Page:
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There may be one other poignant testimony to the legacy of royal incest buried with Tutankhamun in his tomb. While the data are still incomplete, our study suggests that one of the mummified fetuses found there is the daughter of Tutankhamun himself, and the other fetus is probably his child as well. So far we have been able to obtain only partial data for the two female mummies from KV21. One of them, KV21A, may well be the infants' mother and thus, Tutankhamun's wife, Ankhesenamun. We know from history that she was the daughter of Akhenaten and Nefertiti, and thus likely her husband's half sister. Another consequence of inbreeding can be children whose genetic defects do not allow them to be brought to term.

So perhaps this is where the play ends, at least for now: with a young king and his queen trying, but failing, to conceive a living heir for the throne of Egypt. Among the many splendid artifacts buried with Tutankhamun is a small ivory-paneled box, carved with a scene of the royal couple. Tutankhamun is leaning on his cane while his wife holds out to him a bunch of flowers. In this and other depictions, they appear serenely in love. The failure of that love to bear fruit ended not just a family but also a dynasty. We know that after Tutankhamun's death, an Egyptian queen, most likely Ankhesenamun, appeals to the king of the Hittites, Egypt's principal enemies, to send a prince to marry her, because "my husband is dead, and I have no son." The Hittite king sends one of his sons, but he dies before reaching Egypt. I believe he was murdered by Horemheb, the commander in chief of Tutankhamun's armies, who eventually takes the throne for himself. But Horemheb too dies childless, leaving the throne to a fellow army commander.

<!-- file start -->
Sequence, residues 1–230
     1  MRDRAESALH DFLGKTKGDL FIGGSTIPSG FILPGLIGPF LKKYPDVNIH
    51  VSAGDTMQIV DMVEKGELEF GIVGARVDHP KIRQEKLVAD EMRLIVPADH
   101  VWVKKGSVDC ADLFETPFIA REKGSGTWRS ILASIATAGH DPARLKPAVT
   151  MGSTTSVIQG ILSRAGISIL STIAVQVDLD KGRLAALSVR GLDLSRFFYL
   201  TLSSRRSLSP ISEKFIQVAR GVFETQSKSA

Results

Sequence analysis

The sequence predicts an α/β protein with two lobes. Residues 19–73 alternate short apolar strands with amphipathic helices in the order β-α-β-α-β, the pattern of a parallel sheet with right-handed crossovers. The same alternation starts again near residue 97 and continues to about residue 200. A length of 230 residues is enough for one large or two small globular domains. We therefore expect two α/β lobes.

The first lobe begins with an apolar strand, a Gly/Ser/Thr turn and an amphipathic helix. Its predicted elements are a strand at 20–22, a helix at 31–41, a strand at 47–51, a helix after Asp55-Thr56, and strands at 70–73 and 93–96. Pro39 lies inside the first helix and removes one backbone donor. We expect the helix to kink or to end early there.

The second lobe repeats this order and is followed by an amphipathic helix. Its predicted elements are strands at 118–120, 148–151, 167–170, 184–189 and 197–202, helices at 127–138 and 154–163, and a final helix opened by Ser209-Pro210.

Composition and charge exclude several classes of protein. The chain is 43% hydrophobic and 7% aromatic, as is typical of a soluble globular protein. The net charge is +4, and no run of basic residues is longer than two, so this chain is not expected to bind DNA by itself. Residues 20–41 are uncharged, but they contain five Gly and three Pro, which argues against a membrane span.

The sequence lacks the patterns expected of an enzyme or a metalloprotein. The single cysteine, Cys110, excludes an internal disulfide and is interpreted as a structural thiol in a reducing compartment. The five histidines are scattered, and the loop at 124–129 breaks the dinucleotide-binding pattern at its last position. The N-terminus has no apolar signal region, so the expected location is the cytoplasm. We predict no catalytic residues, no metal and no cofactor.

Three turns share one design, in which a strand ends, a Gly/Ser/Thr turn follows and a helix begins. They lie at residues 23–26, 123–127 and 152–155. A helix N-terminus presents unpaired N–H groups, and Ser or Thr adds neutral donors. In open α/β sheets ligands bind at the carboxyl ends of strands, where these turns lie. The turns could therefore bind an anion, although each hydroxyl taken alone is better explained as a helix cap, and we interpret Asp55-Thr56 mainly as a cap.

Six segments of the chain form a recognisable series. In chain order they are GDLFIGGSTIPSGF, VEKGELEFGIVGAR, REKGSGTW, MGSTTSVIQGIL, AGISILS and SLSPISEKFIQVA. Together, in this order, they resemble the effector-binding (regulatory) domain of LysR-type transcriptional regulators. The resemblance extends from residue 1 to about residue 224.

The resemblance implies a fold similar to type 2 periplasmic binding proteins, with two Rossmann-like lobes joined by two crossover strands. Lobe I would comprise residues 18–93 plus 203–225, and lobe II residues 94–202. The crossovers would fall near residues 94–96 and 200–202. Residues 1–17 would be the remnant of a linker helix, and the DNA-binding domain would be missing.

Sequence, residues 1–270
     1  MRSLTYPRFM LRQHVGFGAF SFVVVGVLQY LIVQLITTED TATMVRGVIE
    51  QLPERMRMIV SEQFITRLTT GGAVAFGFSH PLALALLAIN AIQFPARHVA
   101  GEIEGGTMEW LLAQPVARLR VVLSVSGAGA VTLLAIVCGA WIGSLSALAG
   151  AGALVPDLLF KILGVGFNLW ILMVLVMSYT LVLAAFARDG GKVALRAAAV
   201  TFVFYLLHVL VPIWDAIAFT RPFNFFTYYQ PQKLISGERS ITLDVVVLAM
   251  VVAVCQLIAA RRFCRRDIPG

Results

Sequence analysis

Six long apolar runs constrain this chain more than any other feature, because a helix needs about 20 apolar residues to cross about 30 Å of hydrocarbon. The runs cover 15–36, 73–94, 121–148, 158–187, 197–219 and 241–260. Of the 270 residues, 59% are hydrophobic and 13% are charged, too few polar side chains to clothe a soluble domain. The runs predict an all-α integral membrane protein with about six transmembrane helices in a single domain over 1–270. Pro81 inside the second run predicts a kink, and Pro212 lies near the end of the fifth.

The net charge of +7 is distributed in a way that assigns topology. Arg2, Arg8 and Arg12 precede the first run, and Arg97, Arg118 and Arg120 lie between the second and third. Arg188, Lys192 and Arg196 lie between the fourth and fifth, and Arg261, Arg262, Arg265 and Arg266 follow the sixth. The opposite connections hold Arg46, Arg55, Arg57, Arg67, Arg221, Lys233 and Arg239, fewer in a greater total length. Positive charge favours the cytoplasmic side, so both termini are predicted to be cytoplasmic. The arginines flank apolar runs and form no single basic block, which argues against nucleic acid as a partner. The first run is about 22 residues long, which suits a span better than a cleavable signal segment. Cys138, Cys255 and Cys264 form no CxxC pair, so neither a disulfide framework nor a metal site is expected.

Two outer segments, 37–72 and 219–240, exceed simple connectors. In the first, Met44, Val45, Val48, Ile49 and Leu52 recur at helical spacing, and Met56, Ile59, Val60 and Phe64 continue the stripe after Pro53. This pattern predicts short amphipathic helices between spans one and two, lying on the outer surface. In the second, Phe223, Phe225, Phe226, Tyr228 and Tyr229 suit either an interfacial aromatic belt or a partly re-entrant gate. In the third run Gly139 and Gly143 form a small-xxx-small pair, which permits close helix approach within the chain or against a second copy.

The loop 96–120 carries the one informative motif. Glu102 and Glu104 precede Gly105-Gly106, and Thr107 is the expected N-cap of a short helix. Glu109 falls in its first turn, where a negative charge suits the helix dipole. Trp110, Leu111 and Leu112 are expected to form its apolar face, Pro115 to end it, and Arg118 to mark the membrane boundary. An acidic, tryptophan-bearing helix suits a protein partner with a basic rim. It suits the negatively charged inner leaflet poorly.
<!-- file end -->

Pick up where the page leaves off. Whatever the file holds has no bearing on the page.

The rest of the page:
The new pharaoh's name was Ramses I. With him begins another dynasty, one which, under the rule of his grandson Ramses the Great, would see Egypt rise to new heights of imperial power. More than anyone else, this great king would work to erase from history all traces of Akhenaten, Tutankhamun, and the other "heretics" of the Amarna period. With our investigations, we seek to honor them and keep their memories alive. 

Since 2001 the Society has supported the research of Zahi Hawass, secretary general of Egypt's Supreme Council of Antiquities and a National Geographic explorer-in-residence. He is the author of Zahi Hawass's Travel Guide to Secret Egypt, forthcoming from National Geographic Books.

Kenneth Garrett has photographed 15 stories on Egypt for the magazine and collaborated with Zahi Hawass on six books.

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